March 11 2007
Stories of princesses becoming paupers after pampered childhoods at the pre-Revolutionary Russian Court are always popular, and Red Princess has all the vital ingredients. Born into the Russian nobility, this little girl had nursery companions that ranged from child-sized talking dolls to the young Tsarevich. Her old age was spent tending five dogs in a small cottage on the Cornish moors.
But the life of Princess Sofka Dolgorouky, 1907-1994, here told by her granddaughter, does not follow the conventional format. Through the Twenties and Thirties, the newly impoverished Princess Sofka became increasingly unsympathetic to the plight of her fellow aristocrats.
Far from condemning the Communists, she sympathised with their ideals. ‘Stalin’s evildoing cannot be said to detract from the basic idea of socialism,’ she proclaimed. In the Forties she joined the Communist Party; her horrified White Russian friends turned on her, calling her ‘filth’.
With feeling and wit, Zinovieff records the experiences that shaped her grandmother’s beliefs. There have been many rosy depictions of the pre-Revolutionary Russian peasant, happy and devoted to his landlord.
But Princess Sofka used to tell a different story. Her governess warned her dust would be thrown at her while visiting the family’s dacha. A forthright footman, Simyon, explained: ‘Wouldn’t I hate those who made me work and didn’t pay me enough?’ When Simyon told the princess that people were starving, she, passed on her share of biscuits.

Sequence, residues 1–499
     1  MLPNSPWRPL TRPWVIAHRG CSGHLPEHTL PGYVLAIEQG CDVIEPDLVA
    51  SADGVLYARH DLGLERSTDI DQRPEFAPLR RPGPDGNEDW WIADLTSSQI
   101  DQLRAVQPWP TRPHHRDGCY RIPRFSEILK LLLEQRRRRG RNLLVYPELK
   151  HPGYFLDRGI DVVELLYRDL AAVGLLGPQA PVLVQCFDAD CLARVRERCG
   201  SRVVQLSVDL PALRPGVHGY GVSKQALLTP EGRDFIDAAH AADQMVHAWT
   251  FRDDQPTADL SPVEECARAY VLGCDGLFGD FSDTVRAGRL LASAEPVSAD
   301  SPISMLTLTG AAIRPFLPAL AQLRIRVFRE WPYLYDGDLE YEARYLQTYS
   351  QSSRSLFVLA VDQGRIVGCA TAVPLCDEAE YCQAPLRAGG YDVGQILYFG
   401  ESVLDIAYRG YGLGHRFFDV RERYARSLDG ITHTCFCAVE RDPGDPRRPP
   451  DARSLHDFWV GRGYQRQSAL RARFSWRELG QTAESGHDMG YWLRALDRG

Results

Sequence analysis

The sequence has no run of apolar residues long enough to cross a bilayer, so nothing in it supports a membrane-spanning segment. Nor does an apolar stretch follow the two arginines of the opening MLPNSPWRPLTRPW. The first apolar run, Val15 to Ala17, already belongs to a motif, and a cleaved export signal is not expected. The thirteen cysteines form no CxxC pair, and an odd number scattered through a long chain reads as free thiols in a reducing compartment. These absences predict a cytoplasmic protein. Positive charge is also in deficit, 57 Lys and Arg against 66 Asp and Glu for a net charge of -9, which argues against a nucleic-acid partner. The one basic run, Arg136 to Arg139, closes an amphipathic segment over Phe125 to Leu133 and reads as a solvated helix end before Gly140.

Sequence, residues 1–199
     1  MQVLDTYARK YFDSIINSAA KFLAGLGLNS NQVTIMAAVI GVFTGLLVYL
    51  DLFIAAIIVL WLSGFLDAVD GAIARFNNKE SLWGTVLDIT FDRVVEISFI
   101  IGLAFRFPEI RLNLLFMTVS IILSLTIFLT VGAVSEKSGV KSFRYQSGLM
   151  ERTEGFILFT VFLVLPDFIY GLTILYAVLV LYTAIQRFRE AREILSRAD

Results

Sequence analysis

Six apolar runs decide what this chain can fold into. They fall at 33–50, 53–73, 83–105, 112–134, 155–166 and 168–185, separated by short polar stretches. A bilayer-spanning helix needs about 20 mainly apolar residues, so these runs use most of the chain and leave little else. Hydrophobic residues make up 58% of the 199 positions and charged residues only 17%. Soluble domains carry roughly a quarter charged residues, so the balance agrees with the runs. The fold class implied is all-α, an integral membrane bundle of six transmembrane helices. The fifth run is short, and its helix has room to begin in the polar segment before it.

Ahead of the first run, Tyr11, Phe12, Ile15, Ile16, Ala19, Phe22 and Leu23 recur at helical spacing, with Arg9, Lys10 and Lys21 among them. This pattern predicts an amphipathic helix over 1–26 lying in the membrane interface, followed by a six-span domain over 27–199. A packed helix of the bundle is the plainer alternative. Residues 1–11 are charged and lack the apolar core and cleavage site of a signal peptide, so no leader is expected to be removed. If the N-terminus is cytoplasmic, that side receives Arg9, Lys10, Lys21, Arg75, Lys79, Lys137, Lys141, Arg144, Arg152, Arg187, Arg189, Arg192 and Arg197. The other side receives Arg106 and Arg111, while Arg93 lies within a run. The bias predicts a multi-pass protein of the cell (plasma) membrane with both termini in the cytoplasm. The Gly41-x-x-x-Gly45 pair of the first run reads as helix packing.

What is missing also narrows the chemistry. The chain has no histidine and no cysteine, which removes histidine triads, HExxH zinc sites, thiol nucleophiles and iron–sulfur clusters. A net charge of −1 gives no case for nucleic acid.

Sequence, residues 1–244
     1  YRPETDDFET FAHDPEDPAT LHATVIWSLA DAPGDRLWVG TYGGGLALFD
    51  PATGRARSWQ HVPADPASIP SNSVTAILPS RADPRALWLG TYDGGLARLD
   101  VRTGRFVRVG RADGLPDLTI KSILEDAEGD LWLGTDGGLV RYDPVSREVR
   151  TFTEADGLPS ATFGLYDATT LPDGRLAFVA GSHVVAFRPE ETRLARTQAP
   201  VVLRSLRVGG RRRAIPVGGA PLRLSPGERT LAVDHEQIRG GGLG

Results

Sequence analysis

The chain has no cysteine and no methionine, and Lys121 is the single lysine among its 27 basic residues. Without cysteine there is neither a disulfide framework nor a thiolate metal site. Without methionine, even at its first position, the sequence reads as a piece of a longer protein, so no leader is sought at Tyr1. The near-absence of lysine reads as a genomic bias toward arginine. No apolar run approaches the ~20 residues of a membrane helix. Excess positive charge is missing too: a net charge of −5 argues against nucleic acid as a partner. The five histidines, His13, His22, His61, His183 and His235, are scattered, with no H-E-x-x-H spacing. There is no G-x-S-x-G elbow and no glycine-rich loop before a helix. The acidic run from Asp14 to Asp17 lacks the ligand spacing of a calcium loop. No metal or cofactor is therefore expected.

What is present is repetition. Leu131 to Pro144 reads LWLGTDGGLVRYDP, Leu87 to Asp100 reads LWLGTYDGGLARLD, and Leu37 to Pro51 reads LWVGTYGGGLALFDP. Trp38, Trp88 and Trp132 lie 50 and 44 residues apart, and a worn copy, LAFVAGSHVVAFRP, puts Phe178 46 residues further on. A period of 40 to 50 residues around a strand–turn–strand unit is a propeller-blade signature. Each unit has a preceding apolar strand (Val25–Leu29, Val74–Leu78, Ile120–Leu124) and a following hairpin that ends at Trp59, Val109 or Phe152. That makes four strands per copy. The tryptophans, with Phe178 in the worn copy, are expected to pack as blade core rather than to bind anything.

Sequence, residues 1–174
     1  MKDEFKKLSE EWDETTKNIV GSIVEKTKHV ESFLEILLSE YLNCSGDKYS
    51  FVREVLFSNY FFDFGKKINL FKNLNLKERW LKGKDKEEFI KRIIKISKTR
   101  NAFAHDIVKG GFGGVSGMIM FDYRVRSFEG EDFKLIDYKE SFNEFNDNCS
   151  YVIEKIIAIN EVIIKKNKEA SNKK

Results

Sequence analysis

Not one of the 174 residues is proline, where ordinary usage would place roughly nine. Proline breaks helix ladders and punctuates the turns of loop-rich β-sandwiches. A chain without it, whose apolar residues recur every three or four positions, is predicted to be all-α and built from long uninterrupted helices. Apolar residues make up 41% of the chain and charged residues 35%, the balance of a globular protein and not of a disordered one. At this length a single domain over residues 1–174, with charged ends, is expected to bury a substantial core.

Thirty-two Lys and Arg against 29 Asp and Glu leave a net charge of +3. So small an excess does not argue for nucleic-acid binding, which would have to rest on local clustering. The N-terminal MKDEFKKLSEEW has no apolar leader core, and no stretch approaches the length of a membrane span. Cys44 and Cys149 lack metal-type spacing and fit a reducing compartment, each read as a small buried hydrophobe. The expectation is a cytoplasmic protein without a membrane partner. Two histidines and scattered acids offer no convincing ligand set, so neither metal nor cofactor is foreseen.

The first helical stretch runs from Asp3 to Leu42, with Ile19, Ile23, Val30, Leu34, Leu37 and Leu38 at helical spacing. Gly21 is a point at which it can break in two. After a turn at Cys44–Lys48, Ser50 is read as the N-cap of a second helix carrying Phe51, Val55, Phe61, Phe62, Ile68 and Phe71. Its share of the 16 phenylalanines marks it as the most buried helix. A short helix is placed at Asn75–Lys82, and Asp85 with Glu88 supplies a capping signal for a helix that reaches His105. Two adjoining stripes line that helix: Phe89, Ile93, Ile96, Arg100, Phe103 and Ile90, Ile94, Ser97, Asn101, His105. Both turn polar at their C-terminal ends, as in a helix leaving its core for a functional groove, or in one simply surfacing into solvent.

Before she fled from the Crimea in 1919, aged 12, Sofka befriended a lodge-keeper’s grandson; his reasoning seemed to clinch it for her. He was, he explained, more intelligent than her, yet he was barefoot and uneducated. ‘Why should the Ivanovs have cakes when others had no bread?’
Sofka spent her subsequent years, mostly in England, flouting convention. Her sexual mores gave rise to comment; after proclaiming herself a Communist she was watched closely by MI5 and labelled ‘over-sexed’. But perhaps most controversial was her disregard for the norms of motherhood.
She left her first husband to run off with another man just weeks after the birth of her second son. Shortly after the birth of her third son, she and her second husband ran off to join a Cossack circus.
She found herself in an internment camp in France during the Second World War but turned down the chance to return to her sons in England. She took the Communist Party’s view that she was of more use in the internment camp. There is no doubt her three sons suffered as a consequence, but it turned out that the Party was right. Sofka is now recognised as having saved the lives of at least 50 Jews.
Red Princess presents a beguiling mixture of biography and travelogue, as the author revisits the scenes of her grandmother’s life. In Russia, she comes across people who are nostalgic both for the Tsarist and the Soviet eras. They have managed to convince themselves that their ‘little father’ Tsar was replaced by another caring overlord.
These complexities and contradictions reach a sort of apogee in Sofka’s time in the Crimea, where the surviving Romanovs fled after the Revolution. While Lenin was launching his Red Terror, tennis and tea parties carried on regardless.
The Bolsheviks eventually forced Sofka and her grandmother to dig up vegetables, but months later the Bolsheviks themselves were ousted by the Germans and the tennis and the tea parties resumed.